The Anti- Federalist view point would be the most persuasive here. The Anti- Federalists genuinely believed that the most horrific aspect of the Revolution was the unchecked central authority of the British Government. In their mind, this is the reason the Revolution was fought and represents the very worst in human and political nature. These individuals saw the construction of the new nation in the wake of the Revolution was seen as a way to testify against the presence of increased central authority. This is why the Articles of Confederation was so embraced in that it created a decentralized government where central authority had little, or no, significant power. In the end the policies of the Federalists were seen as threats to the young nation because they sought to strengthen the central government, which triggered a political fear in the Framers who were Anti- Federalists. In the end, it is this fear of central authority that compelled them to believe that Federalist policies were a threat to the new nation and these fears were allayed only with the adoption of the Bill of Rights to the Constitution at the Convention.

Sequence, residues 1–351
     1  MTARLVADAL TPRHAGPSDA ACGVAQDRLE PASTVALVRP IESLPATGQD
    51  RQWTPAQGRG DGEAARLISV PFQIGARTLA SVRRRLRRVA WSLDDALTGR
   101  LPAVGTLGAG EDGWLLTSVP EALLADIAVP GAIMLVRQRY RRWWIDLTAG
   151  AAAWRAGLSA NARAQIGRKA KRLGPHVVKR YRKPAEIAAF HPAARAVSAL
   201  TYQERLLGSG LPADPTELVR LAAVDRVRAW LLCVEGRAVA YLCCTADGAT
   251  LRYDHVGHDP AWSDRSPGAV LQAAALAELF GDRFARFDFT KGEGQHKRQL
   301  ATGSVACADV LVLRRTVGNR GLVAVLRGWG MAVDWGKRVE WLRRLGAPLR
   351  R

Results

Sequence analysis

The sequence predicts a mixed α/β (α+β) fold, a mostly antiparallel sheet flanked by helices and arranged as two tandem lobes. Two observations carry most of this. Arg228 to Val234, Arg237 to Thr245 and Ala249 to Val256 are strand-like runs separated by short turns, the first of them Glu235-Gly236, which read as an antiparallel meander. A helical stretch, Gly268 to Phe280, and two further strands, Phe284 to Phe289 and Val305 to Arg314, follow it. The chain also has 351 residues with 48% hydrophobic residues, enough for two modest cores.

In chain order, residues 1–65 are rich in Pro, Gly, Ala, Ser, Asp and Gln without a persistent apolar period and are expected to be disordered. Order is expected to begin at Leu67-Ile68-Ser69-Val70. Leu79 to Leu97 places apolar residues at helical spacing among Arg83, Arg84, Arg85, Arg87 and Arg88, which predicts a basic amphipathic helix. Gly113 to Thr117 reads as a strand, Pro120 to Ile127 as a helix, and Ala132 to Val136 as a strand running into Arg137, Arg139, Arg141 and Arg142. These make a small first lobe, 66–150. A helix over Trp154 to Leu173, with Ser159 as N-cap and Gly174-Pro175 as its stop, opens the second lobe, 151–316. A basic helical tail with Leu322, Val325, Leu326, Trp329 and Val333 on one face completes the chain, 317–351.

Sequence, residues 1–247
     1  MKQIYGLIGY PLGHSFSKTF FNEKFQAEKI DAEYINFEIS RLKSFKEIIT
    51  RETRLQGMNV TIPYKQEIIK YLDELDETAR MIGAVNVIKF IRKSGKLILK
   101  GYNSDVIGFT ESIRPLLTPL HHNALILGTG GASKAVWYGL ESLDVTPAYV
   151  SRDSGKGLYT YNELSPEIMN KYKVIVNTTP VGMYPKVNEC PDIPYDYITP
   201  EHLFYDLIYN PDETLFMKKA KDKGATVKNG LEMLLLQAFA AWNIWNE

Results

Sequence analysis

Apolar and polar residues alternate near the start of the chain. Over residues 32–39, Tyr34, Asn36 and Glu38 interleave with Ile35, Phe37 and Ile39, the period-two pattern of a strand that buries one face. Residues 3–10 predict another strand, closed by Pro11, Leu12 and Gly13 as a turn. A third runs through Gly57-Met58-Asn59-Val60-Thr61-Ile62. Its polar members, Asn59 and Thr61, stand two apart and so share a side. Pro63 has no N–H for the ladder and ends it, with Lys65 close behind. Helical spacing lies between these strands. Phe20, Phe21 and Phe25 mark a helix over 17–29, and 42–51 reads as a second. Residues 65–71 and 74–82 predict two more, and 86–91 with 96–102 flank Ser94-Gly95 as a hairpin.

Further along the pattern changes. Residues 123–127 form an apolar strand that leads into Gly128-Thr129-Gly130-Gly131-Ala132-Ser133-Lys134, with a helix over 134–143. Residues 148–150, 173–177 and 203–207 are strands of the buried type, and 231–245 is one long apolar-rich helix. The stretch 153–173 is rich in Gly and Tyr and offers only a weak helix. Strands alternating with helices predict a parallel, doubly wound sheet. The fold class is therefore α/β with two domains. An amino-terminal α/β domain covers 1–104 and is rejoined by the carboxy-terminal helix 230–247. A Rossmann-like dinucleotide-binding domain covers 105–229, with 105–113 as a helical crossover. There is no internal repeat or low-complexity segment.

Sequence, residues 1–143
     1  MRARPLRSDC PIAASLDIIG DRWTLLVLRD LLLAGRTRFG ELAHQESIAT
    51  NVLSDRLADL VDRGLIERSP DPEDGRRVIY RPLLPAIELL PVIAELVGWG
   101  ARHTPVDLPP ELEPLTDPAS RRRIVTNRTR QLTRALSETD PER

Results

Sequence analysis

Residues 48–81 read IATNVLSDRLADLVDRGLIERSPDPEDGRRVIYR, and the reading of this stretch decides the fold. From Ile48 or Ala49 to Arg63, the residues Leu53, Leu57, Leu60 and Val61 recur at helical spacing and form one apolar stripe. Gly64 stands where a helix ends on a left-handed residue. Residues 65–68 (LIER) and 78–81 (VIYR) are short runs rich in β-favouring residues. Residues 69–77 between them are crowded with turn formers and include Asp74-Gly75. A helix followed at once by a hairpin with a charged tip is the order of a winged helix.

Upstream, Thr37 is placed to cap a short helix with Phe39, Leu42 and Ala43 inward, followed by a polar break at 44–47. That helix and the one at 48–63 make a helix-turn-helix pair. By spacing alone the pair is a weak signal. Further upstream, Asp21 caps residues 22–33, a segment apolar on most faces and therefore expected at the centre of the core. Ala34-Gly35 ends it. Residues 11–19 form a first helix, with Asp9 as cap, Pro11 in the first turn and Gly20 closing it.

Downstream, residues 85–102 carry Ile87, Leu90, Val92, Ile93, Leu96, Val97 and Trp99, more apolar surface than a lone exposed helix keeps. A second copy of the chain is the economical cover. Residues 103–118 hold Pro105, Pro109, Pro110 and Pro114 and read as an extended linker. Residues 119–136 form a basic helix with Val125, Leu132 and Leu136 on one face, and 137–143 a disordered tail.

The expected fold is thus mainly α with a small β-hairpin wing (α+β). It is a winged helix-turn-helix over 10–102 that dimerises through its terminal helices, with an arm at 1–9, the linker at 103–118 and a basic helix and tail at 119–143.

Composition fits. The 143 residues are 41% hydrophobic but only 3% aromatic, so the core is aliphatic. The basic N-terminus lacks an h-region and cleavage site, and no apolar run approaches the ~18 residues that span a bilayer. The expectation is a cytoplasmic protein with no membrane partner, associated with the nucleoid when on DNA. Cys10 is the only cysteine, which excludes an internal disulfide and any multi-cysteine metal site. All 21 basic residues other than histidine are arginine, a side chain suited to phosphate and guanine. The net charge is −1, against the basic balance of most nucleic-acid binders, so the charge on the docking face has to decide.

The greatest fear of the revolutionaries in the years following the conflict was that the government of the United States would simply turn into an imitation of the British monarchy. In the 1790s, several things happened under the Presidencies of George Washington and John Adams to further their suspicions.
While it's true that Washington was, for the most part, beloved by both Federalists and antifederalists, that doesn't mean they let him off the hook. In 1794, his Chief Justice, a Federalist named John Jay, was sent to England to negotiate an agreement about our borders with Canada, British troops still present in the Ohio country and freedom of the seas. Just to be diplomatic, he kissed the Queen's ring when he arrived. When news reached home, the antifederalists were frothing at the mouth, thinking it was treason to show such subservience to the country we had just won independence from.
An armed rebellion in that same year took place in western Pennsylvania, mostly by farmers who were angry over Hamilton's tax on whiskey. After a few days of rioting, Washington's army of nearly 13,000 arrived to restore order, except most of the rebellion was over by this time, and it looked an awful lot like something the British would have done, sending in such a large force against their own countrymen. Grumbling continued.
Then under John Adams in 1798, a federalist Congress passed, and the President signed, the Alien and Sedition Acts which, among other things, forbid open criticism of the government under threat of arrest, a clear violation of the 1st Amendment. Now the government was trying not only to stifle dissent, but it was clearly aimed at antifederalists unhappy with Adams' government. They felt the Revolution was slipping away. Fortunately they were wrong.